Five RCTs (1,544 participants) were included in the review. Four out of five studies had adequate randomisation and allocation concealment. Four of the five studies had high drop-out rates (16% to 77%). Only one study reported blinding during outcome assessment.
None of the studies found a significant difference in reassurance levels between intervention and control groups at the end of follow-up; one study found an interim benefit at three months which disappeared at one year follow-up.
Four studies assessed symptom levels and none found a significant difference between intervention and control groups at the end of follow-up. One study found significantly fewer headaches after magnetic resonance imaging in a subgroup of patients with high baseline anxiety and depression scores.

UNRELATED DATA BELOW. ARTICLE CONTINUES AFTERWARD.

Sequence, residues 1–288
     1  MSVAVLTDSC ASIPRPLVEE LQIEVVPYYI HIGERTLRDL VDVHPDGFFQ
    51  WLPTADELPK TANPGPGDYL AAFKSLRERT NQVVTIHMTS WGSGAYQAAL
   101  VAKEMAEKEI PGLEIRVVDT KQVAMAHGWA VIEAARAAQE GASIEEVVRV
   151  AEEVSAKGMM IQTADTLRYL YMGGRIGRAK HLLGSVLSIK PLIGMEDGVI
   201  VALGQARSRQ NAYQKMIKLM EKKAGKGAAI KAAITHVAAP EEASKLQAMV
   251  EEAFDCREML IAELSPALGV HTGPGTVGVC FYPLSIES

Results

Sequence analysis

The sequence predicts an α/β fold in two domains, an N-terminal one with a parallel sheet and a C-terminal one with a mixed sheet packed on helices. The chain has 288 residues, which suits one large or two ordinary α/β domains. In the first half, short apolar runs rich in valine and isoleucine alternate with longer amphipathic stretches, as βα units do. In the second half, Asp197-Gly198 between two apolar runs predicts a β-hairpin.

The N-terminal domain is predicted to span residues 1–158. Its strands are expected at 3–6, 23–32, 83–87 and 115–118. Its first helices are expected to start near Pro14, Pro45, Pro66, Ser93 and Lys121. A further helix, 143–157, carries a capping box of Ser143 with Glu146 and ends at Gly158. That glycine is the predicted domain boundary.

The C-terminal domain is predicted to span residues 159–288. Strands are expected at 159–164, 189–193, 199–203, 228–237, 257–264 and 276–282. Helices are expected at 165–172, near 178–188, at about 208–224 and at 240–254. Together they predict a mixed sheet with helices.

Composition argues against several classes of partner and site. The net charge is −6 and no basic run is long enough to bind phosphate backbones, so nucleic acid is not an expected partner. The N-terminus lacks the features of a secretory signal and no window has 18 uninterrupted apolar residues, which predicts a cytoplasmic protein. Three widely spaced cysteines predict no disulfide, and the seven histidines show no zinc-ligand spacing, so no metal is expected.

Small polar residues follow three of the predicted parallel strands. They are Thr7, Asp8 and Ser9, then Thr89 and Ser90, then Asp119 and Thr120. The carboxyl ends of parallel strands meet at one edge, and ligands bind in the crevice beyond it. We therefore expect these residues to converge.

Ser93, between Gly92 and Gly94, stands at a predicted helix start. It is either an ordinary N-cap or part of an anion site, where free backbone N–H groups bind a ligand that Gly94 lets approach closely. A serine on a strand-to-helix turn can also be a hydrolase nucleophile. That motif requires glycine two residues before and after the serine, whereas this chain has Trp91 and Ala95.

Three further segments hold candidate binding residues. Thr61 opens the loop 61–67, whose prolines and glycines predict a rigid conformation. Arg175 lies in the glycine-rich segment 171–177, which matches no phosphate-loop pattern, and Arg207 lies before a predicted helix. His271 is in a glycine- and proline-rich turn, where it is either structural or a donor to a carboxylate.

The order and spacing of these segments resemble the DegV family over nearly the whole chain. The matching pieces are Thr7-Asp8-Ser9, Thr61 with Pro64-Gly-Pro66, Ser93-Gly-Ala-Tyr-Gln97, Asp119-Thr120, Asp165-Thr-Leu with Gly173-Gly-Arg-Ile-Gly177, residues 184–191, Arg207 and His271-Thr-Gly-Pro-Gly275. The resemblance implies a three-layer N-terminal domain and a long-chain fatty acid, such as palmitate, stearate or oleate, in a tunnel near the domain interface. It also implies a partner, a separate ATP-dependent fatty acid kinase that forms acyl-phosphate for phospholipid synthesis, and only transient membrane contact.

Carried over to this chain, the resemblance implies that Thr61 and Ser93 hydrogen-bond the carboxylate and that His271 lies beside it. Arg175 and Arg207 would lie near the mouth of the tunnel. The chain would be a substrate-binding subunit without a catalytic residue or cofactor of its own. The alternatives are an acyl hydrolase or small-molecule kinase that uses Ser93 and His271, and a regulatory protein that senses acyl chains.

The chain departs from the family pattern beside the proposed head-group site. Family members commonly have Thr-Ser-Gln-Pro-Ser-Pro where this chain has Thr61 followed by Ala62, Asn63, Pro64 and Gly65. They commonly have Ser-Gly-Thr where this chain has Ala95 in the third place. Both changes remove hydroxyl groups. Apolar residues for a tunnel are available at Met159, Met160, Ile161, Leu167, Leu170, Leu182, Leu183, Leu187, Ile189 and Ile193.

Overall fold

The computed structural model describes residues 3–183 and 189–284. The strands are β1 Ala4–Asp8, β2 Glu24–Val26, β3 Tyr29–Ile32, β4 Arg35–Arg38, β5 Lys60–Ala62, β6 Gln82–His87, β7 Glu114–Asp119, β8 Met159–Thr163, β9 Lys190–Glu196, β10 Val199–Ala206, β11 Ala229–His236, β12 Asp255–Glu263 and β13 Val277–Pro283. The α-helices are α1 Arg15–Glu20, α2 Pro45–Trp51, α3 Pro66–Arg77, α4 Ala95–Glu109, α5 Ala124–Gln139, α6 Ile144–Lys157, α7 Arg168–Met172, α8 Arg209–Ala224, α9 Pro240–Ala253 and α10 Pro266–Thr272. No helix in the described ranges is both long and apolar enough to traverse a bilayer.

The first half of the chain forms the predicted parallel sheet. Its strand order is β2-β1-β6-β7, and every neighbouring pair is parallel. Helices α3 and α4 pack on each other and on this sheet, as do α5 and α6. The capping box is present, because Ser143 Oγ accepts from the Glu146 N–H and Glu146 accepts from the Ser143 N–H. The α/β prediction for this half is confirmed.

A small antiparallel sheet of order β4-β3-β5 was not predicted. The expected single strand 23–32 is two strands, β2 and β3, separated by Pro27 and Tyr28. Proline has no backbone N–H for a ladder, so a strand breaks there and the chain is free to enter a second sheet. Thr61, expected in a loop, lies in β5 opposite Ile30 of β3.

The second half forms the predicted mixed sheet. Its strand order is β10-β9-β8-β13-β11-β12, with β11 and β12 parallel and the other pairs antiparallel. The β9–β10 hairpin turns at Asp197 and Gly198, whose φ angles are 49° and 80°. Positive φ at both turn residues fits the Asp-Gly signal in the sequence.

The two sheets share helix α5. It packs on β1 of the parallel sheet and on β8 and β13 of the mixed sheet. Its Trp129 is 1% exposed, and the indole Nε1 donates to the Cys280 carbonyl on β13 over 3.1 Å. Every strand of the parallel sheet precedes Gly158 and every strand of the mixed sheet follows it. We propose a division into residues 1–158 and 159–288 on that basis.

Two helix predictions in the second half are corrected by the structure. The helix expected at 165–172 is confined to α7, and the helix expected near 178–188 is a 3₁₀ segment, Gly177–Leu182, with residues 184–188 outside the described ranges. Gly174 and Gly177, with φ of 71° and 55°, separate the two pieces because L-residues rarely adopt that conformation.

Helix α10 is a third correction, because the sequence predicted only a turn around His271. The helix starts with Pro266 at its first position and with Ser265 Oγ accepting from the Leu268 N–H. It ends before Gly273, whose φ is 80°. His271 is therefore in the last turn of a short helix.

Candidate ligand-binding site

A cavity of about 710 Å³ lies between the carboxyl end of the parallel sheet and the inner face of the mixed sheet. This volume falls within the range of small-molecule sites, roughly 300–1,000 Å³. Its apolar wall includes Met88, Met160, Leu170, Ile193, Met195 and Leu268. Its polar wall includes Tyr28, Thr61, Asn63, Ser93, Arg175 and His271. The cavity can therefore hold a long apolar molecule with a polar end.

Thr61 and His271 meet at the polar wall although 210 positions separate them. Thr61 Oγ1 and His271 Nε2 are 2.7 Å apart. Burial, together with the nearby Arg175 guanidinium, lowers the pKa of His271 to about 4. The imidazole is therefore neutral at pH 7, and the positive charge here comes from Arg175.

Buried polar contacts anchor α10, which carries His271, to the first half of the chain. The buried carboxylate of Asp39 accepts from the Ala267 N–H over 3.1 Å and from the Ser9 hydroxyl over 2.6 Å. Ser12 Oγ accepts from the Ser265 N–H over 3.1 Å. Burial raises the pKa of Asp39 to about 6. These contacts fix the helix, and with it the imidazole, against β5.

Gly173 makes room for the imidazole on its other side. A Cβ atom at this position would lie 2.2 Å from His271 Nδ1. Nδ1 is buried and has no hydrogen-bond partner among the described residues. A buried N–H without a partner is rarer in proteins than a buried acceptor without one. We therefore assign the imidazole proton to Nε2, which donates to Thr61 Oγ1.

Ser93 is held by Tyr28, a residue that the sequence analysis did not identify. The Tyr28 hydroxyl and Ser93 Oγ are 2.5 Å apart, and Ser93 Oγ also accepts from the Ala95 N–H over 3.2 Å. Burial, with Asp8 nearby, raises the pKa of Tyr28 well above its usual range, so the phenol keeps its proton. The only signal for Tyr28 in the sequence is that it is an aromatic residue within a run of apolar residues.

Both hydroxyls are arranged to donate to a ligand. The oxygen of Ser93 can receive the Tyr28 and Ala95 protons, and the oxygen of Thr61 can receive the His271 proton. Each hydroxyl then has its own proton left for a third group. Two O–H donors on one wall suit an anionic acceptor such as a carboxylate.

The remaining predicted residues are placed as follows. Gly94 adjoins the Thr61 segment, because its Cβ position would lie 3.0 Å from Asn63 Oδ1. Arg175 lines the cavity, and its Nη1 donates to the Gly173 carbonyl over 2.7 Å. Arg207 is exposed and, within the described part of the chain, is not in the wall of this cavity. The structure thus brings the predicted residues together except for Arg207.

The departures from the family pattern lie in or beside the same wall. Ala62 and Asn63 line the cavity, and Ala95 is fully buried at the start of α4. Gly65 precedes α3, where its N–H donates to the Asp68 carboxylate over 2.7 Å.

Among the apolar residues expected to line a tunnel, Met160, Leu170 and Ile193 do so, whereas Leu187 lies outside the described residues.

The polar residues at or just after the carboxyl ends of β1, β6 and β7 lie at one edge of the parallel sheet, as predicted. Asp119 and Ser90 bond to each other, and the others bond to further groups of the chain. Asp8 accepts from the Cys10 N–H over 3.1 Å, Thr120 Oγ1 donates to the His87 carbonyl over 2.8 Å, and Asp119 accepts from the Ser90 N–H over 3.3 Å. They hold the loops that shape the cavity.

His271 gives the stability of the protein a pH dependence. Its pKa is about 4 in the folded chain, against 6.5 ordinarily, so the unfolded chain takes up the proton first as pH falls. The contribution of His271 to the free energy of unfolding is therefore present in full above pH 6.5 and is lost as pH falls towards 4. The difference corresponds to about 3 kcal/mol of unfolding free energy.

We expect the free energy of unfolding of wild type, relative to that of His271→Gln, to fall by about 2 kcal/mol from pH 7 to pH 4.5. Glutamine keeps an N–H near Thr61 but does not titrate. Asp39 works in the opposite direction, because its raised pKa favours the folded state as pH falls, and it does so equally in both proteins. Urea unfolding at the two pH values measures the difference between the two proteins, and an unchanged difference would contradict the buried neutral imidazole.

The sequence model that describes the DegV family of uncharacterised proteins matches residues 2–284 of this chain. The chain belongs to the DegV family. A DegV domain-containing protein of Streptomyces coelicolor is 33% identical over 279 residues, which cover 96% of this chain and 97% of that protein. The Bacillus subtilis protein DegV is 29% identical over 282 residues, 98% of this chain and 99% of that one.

Three studies assessed disability levels and none found a significant difference between intervention and control groups at the end of follow-up.
Three trials assessed patient satisfaction. One trial found that patients who received radiographic investigations of the lumbar spine for lower back pain were significantly more satisfied with their care at the end of nine months follow-up than those who had not. Two studies found no significant difference in patient satisfaction at the end of follow-up.